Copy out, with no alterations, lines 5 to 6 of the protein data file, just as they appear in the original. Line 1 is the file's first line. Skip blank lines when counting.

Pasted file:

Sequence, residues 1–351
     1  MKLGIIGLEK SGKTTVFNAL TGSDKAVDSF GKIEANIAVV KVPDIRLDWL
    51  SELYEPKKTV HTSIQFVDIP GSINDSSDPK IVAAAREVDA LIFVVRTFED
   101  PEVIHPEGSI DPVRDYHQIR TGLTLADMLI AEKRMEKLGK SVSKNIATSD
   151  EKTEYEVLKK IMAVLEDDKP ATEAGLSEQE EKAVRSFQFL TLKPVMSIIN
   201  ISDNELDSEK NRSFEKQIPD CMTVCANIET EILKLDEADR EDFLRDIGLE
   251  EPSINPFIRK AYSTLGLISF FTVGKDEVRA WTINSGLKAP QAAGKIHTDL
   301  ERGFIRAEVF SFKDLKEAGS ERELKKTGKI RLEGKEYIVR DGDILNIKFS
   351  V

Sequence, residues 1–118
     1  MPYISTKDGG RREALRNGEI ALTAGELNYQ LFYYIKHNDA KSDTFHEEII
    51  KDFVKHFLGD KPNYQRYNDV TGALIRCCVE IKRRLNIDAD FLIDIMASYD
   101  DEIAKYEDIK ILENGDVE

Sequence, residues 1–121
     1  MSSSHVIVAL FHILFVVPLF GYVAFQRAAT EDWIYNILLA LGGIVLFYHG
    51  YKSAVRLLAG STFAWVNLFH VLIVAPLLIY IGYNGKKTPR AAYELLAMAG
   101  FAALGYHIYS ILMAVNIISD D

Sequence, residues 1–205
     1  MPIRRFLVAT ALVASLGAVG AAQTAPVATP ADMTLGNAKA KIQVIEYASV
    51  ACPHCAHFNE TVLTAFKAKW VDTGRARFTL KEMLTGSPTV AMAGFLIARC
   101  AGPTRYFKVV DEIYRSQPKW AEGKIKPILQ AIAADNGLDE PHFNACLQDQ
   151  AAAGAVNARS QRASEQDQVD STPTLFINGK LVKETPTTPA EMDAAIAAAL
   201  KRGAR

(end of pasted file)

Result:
   151  EKTEYEVLKK IMAVLEDDKP ATEAGLSEQE EKAVRSFQFL TLKPVMSIIN
   201  ISDNELDSEK NRSFEKQIPD CMTVCANIET EILKLDEADR EDFLRDIGLE